I’m now convinced that .NET’s support for localization is very poorly designed indeed. While on the surface, the concept of localization (also referred to as internationalization) is a noble effort to enhance or make possible the use of computers by speakers of foreign languages, if it gets in the way of development it can be a very disruptive and problematic tool.
Take the following error an early beta tester of OrangeNote supplied me with:
System.Windows.Markup.XamlParseException: Verdien System.Windows.Data.BindingExpression kan ikke tilordnes egenskapen Opacity for objektet System.Windows.Controls.Border. Invalid real literal ’1.0′ Feil på objektet System.Windows.Data.Binding i kodefilen OrangeNote;component/viewers/debugterminal.xaml, linje 122, posisjon 5.
Now the first and most obvious problem is that the error is not in English! While it’s true that error messages presented to the user should most certainly be translated to their native language whenever possible, exception messages are not oriented towards end users. The purpose of an exception is to convey information back to the programmer that a particular problem has arisen in the code of a program, with the intention of providing useful information to addressing and correcting the problem.
For example, when translated, the above reads roughly like this:
System.Windows.Markup.XamlParseException: Value of System.Windows.Data.BindingExpression can not be assigned to attribute Opacity for object System.Windows.Controls.Border. Invalid real literal ’1.0′ Error in object System.Windows.Data.Binding in file OrangeNote;component/viewers/debugterminal.xaml, line 122, position 5.
Is this really something the end user needs to know? If not, why go through the trouble of translating it in the first place? Perhaps Microsoft expects my users to fix my bugs for me. Furthermore, the platform doesn’t even appear to provide any way to explicitly obtain an English version of an exception, further increasing the absurdity of the matter.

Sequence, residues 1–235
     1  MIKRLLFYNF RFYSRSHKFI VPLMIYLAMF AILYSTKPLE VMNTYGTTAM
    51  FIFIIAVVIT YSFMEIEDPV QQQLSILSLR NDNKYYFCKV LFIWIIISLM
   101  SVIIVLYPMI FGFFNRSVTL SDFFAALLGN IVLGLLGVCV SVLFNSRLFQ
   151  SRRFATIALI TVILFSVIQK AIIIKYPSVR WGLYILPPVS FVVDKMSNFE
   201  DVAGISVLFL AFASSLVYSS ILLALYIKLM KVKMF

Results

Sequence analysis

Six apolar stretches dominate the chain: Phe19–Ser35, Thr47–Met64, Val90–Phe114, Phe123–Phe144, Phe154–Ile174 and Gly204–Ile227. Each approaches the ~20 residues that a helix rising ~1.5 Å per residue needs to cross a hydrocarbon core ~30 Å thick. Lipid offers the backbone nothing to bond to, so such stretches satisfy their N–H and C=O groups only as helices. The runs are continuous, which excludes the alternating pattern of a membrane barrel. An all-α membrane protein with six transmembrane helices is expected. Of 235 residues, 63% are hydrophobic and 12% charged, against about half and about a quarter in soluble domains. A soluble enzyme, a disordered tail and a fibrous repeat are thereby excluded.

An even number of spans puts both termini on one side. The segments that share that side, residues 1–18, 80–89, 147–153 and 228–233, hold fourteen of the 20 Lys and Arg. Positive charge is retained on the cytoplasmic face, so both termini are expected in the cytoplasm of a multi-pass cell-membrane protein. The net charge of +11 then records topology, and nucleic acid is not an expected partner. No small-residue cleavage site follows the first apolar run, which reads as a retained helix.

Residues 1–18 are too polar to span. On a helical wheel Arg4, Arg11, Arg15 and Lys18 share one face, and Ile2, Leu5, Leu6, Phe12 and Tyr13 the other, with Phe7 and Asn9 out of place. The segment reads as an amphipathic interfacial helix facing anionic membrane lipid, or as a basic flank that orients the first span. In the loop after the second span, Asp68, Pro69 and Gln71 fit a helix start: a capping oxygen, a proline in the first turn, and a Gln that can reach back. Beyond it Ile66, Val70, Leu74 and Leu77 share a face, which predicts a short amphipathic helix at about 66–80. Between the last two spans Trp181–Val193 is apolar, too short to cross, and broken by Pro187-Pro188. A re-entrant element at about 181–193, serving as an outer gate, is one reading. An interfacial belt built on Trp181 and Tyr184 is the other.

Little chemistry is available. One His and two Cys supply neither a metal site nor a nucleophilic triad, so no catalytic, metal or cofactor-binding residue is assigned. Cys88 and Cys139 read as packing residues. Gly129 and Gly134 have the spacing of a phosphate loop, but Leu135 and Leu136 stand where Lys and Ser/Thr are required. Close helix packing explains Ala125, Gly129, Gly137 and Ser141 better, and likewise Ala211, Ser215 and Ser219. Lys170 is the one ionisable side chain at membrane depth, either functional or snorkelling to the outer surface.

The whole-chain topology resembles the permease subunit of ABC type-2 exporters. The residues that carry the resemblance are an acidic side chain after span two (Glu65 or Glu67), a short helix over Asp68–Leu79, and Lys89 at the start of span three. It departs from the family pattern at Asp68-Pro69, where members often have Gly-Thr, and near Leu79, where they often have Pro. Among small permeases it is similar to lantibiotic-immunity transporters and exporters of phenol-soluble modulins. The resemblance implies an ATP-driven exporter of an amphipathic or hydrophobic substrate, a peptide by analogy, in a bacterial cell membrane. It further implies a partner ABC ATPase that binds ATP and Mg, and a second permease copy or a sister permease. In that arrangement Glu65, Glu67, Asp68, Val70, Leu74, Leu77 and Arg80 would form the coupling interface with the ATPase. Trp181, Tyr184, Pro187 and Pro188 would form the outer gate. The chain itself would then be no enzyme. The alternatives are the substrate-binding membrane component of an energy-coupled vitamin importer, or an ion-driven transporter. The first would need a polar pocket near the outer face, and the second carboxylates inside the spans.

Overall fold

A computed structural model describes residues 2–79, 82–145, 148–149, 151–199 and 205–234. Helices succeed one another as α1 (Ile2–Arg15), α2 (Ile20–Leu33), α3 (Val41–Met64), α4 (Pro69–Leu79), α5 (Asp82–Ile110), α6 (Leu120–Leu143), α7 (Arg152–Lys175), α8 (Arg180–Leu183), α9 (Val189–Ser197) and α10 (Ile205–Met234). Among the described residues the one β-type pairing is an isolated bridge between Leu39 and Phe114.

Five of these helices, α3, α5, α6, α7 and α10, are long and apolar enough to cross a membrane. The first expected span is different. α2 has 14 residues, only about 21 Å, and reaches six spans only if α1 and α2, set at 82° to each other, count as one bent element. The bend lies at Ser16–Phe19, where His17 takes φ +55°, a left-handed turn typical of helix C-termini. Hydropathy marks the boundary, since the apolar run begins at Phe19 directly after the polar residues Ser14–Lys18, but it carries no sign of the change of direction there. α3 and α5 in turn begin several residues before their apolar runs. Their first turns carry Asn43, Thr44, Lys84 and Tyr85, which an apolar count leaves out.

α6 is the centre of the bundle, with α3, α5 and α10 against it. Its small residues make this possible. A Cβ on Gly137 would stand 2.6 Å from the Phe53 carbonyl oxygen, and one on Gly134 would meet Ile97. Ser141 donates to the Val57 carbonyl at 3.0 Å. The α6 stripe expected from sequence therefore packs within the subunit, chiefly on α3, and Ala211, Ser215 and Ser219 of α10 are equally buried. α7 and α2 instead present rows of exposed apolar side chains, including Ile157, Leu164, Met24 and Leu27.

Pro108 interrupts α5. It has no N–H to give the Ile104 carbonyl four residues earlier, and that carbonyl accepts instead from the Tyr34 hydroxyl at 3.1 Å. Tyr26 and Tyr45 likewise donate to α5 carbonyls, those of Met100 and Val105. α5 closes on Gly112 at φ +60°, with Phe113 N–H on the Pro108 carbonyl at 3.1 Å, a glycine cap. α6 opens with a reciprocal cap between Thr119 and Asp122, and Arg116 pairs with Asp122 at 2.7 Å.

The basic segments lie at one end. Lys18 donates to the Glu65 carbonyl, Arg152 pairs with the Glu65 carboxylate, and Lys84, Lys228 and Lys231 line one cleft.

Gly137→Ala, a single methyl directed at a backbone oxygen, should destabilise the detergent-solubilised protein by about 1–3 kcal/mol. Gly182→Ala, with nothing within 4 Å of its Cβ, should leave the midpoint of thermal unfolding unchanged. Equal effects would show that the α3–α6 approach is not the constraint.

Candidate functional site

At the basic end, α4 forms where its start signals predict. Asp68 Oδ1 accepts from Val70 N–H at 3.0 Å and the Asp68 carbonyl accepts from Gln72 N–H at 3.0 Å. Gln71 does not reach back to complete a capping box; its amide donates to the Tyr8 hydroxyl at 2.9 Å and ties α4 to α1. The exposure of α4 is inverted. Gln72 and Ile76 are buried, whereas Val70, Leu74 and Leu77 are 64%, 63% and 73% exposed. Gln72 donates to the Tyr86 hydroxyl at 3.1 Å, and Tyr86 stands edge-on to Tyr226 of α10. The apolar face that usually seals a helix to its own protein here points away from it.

But this is only the beginning.
If you take a closer look at the problem the exception is describing you might notice something strange: .NET is complaining that “1.0″ is not a valid value for the Opacity property of a System.Windows.Controls.Border (which is a Double). Come again? 1.0 is a perfectly valid value for Opacity, unless you’re running your program on a locale that represents decimal values differently. That’s right, we can’t even program our app in English anymore! When simply changing the locale of your system affects what applications you can run on it, this is a clear indicator of a serious design problem.
Granted, this issue arises in some atypical scenarios involving dynamic parsing of lambda expressions, but the fact that it arises at all is the problem. What started out as a means to make applications more user friendly to foreign language speakers turned into a roadblock that can actually interfere with applications running at all.
In closing, my recommendations to Microsoft are as follows: First and foremost, eliminate the ridiculous and useless translating of exceptions into local dialects, and second, provide a more intuitive programming environment that takes into account programmer locale when running an application, not just user locale. These two things combined will make for a much more pleasant experience both for programmers and end users in multilingual scenarios.
See you next time.
Just a quick post to show-off OrangeNote’s brand new crash recovery and reporting dialog. Ironically, this is something that you hopefully won’t be seeing when you run OrangeNote, but I’ve always found a friendly and elegant crash dialog to convey a sense of professionalism and polish on an application. If it’s going to crash, we may as well make it as pleasant an experience as possible.
OrangeNote™ includes the same error reporting system employed by FeedBeast™, which anonymously logs and records all unhandled exceptions that occur in the program so they can be quickly addressed in future updates. As always, submitting crash reports is completely optional.
OrangeNote™ is available for beta testing at Wakoopa, and anyone that gets involved in the project during testing will receive a complimentary license for their help.